He is a guy who tweets as @frogcroakley, and is probably best known for Daniel Barker’s Birthday, a prank on a friend that somehow lurched into being a 75-day serialised space opera. He lives in south London and is getting a bit uncomfortable about talking himself in the third person.
Your debut novel, The Sea Hates a Coward, will be published by Abaddon in October. How would you introduce it to a potential reader? Is it part of a series?
It’s the story of a rebellion among dissidents who have been executed, then reanimated to work as forced labour aboard a city-sized whaling ship. On an alien world. As such it’s a zombie story, but it’s also a whaling story and a sort of dying-world dystopian story too. At the moment it’s a standalone, but the setting is a corner of a much wider world I’ve got in mind, so there are potentially lots more stories to tell.
What inspired you to write the novel and series? And where do you draw your inspiration from in general?
I’m a bit obsessed with marine life, the intrinsic horror of the open ocean, and doomed efforts by people to tame it. When Abaddon approached me to write a zombie story, it all just sort of fell together.
How were you introduced to genre fiction?
Dad used to make up SF stories to tell me at bedtime when I was a kid, and I was onto SF as soon as I could read. I have a great memory of reading The Time Ships by Stephen Baxter when I was 10 and having my mind utterly blown.
How do you like being a writer and working within the publishing industry?
This is all terribly exciting. It was never something I thought would happen, but it’s great fun.
Do you have any specific working, writing, researching practices?
I like to work at night, listening to really OTT music and drinking forgivingly weak cocktails.
When did you realize you wanted to be an author, and what was your first foray into writing? Do you still look back on it fondly?
When I was 11 I decided to write a Star Wars book. I still have the first 50 pages of it in a spiral bound notebook somewhere. The villain’s name was an anagram of Darth Vader and I thought that was incredibly clever at the time. I always wanted to be an author but had pretty much given up on it by the time I was 16, so it’s a nice surprise that I’ve got a shot at it now.
What’s your opinion of the genre today, and where do you see your work fitting into it?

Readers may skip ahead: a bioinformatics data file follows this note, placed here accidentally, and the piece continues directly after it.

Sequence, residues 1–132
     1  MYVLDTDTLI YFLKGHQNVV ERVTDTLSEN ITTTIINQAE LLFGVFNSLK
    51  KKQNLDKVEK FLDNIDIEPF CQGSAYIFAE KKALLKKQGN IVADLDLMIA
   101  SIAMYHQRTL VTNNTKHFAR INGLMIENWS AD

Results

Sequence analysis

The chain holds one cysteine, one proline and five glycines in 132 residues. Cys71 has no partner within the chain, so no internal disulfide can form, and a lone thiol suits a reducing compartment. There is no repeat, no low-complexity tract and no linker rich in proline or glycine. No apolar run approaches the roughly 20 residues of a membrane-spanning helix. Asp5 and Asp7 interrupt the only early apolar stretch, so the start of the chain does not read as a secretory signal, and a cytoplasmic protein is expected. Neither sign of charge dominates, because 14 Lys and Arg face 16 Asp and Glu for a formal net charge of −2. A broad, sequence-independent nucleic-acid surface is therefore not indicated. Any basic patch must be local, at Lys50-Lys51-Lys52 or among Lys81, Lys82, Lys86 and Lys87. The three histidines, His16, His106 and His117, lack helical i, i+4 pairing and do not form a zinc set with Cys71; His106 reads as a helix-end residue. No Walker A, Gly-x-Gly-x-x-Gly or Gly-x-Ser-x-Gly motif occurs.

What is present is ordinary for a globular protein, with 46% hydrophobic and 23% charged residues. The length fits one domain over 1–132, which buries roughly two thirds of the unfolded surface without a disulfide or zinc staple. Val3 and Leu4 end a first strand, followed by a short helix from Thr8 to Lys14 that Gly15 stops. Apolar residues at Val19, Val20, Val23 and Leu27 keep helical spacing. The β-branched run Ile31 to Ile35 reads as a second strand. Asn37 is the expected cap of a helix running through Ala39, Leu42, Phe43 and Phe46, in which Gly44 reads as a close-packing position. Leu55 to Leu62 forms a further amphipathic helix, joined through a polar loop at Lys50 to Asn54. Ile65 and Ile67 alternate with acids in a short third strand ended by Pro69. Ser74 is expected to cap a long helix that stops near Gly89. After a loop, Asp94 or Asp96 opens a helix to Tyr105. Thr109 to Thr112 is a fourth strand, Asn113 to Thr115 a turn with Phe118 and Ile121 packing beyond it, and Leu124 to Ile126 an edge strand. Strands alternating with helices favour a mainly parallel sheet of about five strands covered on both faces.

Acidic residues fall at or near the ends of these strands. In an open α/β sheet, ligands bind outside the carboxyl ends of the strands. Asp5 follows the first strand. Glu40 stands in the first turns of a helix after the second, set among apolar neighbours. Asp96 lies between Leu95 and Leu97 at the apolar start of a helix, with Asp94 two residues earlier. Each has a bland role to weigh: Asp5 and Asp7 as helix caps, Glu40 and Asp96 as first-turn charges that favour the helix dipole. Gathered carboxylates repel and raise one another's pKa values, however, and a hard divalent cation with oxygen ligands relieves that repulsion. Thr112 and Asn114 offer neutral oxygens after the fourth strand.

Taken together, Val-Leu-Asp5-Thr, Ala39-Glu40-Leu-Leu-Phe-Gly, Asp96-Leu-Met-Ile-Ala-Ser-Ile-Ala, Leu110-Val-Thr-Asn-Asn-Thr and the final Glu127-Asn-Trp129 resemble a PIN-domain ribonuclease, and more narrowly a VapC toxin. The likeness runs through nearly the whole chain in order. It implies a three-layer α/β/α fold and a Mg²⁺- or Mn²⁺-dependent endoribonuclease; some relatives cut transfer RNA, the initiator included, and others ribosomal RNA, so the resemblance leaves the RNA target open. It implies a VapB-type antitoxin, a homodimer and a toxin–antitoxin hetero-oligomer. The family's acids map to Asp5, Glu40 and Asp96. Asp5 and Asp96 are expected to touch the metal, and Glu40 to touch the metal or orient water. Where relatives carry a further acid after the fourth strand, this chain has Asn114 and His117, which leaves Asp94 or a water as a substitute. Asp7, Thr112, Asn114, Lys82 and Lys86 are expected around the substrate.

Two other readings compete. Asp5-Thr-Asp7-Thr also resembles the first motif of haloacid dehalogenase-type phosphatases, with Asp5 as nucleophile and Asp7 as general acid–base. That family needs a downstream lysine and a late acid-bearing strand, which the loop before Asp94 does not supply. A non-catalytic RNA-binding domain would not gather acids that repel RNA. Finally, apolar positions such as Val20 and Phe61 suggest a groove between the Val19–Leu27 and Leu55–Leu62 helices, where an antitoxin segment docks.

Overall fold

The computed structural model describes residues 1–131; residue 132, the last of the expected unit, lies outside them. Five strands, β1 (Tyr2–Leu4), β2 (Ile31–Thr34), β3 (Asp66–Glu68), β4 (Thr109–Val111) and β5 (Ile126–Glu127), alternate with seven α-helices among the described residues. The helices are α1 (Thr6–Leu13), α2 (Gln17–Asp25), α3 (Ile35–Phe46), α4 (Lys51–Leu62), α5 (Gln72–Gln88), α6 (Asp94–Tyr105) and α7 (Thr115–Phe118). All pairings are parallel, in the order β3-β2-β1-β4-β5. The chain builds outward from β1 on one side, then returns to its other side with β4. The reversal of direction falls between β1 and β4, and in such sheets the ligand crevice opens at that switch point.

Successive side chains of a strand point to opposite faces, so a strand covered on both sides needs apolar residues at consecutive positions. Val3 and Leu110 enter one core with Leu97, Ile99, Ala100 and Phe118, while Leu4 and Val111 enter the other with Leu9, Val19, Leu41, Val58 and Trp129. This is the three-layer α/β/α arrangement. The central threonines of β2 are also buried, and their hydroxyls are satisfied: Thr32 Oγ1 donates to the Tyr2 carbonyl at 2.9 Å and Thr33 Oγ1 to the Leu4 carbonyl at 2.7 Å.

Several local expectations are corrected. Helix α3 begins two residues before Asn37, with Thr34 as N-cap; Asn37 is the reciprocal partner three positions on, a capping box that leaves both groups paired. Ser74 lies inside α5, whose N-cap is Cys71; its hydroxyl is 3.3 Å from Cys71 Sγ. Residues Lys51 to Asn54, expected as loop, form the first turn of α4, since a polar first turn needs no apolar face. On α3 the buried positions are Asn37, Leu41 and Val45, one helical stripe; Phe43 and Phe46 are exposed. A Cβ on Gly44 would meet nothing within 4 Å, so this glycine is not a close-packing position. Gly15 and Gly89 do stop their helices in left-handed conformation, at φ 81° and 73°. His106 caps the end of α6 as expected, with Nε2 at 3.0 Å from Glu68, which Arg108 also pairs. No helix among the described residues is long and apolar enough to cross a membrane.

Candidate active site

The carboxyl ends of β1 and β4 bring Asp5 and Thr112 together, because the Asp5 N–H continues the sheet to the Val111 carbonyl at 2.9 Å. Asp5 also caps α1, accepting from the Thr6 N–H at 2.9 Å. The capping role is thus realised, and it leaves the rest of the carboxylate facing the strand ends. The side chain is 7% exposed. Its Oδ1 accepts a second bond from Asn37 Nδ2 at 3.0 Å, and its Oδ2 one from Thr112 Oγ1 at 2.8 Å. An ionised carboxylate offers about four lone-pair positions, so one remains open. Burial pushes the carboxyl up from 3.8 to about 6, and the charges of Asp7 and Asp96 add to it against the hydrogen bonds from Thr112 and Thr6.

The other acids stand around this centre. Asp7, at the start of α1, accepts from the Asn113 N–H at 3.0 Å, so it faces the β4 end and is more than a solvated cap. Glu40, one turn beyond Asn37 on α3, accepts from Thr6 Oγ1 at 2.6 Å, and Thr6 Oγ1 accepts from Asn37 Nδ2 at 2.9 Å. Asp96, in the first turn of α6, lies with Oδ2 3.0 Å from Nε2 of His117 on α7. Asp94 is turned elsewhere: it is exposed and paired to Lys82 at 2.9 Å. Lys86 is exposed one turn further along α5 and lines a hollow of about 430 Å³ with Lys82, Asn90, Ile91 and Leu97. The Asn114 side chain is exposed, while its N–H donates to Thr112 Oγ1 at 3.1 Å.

I genuinely can’t keep up with the volume of wonderful things being published at the moment. I adore reading but I am slow as hell, so my “to read” pile is taking over an entire bookshelf. Who knows where I’ll fit in, but I’d love to write the kind of thing that gets excitedly blurted about in pubs when conversations turn to the kind of things I enjoy writing about.
Do you have any other projects in the pipeline, and what are you working on at the moment?
I’ve written an animated series with a very old friend, which is launching on November, and which I may be able to say a bit more about by the time this publishes. Also, I’m working on my second novel — it’s an idea I’ve had knocking around for a few years, and I’m hoping to finish it up next spring.
What are you reading at the moment (fiction, non-fiction)?
Currently wolfing down the Shattered Sea books by Joe Abercrombie, plus the Southern Reach series by Jeff Vandemeer and Three Moments of an Explosion by the spectacular China Mieville. I’m also doing a lot of research on drying meat (it’s a hobby), and brushing up on Pseudodoxia Epidemica by Sir Thomas Browne as inspiration for the next book.
What’s something readers might be surprised to learn about you?
I once accidentally punched a fish while wearing a 19th Century diving suit.
What are you most looking forward to in the next twelve months?
Who knows! I hope I get to put out some more writing, and I can’t wait to get the animation out. I’m also saving for a trip back to Fiji, where I would like to ride a bike and look at some crabs. I went there years ago and it got stuck in my brain. Lovely place.
Schneider Wrack was never a dissident. But since he’s serving the sentence anyway, he may as well become one.
Because in the city, the sentence for sedition is death. Death, and then reanimation, before being shipped out to Ocean to work until you fall apart – or something gets you. There’s always a need for fresh bodies in Ocean. In the 70 years the city has been under siege, it’s been the only place to get food, and so the whaling barges work night and day to haul in enough meat to keep three million people from the edge of starvation.
Human labour isn’t an option – Ocean’s too big, too cruel, too full of monsters – so it’s the dead that man the whaleboats. They’re meant to be mindless, empty vessels, but the procedure isn’t perfect. Schneider has woken up months into his sentence, trapped in a living hell of meat and brine, and he’s not happy.
It’s going to take a lot to stir the workforce into revolt; few of them have all their original limbs, and fewer still can remember their own names. But you’ve got to do what you can with what you’ve got.
It’s time to bring hell back to the city…